The main difference with a family buy-to-let mortgage is that the borrower’s child will live in the property as their primary residence. The rent paid by the tenant (the child) will usually cover a significant portion of the mortgage payments. You will not make any profit but rather cover the costs of the mortgage because if I let my child rent it, I will not charge the market rent.
This helps reduce the borrower’s cost and makes it easier for them to keep up with their repayments. This loan is much riskier than a standard buy-to-let mortgage as the potential tenant (the child) is not credit-checked or asked to provide any proof of income.
The lender’s decision to grant the loan will be based solely on the parent or grandparent’s ability to keep up with the repayments. You have to be realistic about your finances and ensure that you can keep up with the mortgage payments in case your child cannot pay the rent.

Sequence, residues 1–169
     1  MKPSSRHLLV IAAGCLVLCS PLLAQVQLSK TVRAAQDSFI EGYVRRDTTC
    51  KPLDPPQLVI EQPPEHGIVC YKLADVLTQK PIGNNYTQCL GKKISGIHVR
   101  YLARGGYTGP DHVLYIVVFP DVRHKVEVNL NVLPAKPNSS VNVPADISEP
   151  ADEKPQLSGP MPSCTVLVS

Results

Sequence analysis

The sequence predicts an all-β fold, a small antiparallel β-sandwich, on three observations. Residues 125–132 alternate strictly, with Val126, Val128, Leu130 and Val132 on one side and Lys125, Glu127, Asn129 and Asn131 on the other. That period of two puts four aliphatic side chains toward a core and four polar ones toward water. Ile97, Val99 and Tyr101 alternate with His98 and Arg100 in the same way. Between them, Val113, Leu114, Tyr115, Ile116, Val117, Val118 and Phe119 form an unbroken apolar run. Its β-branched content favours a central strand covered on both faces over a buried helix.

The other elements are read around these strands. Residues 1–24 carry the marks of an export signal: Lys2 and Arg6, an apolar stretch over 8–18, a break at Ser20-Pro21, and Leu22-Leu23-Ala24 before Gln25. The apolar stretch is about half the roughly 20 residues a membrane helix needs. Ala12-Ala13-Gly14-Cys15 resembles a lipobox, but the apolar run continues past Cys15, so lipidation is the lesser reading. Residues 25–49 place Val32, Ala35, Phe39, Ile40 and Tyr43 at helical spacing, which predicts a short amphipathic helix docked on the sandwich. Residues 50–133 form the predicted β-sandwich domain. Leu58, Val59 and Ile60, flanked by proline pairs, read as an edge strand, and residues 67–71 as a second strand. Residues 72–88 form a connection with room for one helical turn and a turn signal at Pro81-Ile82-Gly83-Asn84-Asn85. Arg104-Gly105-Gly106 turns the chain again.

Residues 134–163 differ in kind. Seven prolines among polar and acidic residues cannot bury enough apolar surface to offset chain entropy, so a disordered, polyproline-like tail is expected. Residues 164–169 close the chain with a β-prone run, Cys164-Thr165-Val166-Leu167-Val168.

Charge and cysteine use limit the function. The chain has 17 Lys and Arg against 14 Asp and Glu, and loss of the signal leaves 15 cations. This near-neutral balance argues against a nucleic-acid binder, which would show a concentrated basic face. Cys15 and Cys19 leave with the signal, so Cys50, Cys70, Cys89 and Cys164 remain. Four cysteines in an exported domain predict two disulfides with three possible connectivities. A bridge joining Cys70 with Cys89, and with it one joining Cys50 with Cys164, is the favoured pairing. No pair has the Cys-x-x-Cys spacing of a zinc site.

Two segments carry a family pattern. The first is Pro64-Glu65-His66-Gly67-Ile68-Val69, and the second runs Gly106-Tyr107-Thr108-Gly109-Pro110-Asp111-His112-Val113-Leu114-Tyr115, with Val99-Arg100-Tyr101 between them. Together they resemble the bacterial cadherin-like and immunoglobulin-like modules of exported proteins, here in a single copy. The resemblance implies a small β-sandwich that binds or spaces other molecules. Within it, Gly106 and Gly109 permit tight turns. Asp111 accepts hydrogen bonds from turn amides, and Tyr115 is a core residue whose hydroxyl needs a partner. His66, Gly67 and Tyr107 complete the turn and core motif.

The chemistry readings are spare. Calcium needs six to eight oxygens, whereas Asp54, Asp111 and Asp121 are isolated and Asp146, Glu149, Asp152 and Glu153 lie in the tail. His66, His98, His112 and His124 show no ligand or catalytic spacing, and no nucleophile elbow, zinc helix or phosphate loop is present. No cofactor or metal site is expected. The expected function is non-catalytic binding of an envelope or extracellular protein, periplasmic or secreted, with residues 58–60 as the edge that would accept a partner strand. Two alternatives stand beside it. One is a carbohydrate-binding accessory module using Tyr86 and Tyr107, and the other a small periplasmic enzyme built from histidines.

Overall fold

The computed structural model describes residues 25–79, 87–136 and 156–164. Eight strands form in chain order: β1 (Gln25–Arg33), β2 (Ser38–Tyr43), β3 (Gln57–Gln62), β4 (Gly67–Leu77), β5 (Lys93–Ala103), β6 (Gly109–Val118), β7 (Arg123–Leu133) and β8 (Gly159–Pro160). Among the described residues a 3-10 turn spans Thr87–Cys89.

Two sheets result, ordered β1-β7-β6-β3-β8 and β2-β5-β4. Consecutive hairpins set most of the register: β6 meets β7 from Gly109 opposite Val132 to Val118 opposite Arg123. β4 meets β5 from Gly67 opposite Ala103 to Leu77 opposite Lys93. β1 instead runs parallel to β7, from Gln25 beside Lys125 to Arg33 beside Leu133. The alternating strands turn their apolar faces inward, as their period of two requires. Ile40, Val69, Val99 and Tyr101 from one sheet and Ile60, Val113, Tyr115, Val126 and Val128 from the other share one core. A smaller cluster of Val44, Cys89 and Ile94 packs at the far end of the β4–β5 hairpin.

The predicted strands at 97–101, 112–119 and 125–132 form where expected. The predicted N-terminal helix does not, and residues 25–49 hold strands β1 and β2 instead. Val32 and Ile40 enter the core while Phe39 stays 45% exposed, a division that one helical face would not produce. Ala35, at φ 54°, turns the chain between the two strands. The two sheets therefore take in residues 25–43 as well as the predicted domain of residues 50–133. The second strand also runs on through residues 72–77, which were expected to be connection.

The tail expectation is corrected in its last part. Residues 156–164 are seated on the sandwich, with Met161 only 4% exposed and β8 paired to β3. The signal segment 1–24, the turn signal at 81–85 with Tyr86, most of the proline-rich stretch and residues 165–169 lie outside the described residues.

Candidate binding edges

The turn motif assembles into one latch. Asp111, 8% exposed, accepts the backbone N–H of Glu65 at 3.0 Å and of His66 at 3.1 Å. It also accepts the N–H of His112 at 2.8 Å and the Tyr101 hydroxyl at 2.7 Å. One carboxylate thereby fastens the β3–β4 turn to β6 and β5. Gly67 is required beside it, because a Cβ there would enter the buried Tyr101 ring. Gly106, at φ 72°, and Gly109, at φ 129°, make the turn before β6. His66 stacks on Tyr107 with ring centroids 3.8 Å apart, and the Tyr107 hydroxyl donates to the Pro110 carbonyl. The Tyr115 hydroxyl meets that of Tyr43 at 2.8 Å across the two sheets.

How Does the Family Buy-To-Let Mortgage Work?
A family buy-to-let mortgage works mostly the same way as any other BTL mortgage. The main difference here is that the application process is more difficult, with more stringent criteria and stricter lenders.
The process typically starts with a financial assessment, where the lender will look at your income and other financial details to determine whether you can afford the loan. Then, you’ll need to provide evidence of a suitable property investment plan and landlord experience.
The lender is also likely to check your credit background. Once all this is done, they will offer you a mortgage tailored to your circumstances.
This includes a higher loan-to-value ratio and more flexible repayment options. And, of course, you’ll need to ensure that the property is suitable for rental purposes, which might require some improvements or maintenance.
When the mortgage is approved, you can buy the property in your name and rent it to your child. This can be a great way to help them get on the property ladder or to give them a head start financially.
Remember that this type of mortgage comes with some risks. If you ever decide to sell the property, you’ll need to ensure that your child is legally allowed to remain in the property until their lease is up or the property is sold.
You will also still be liable for the mortgage, regardless of whether you receive rent on time from your child or not.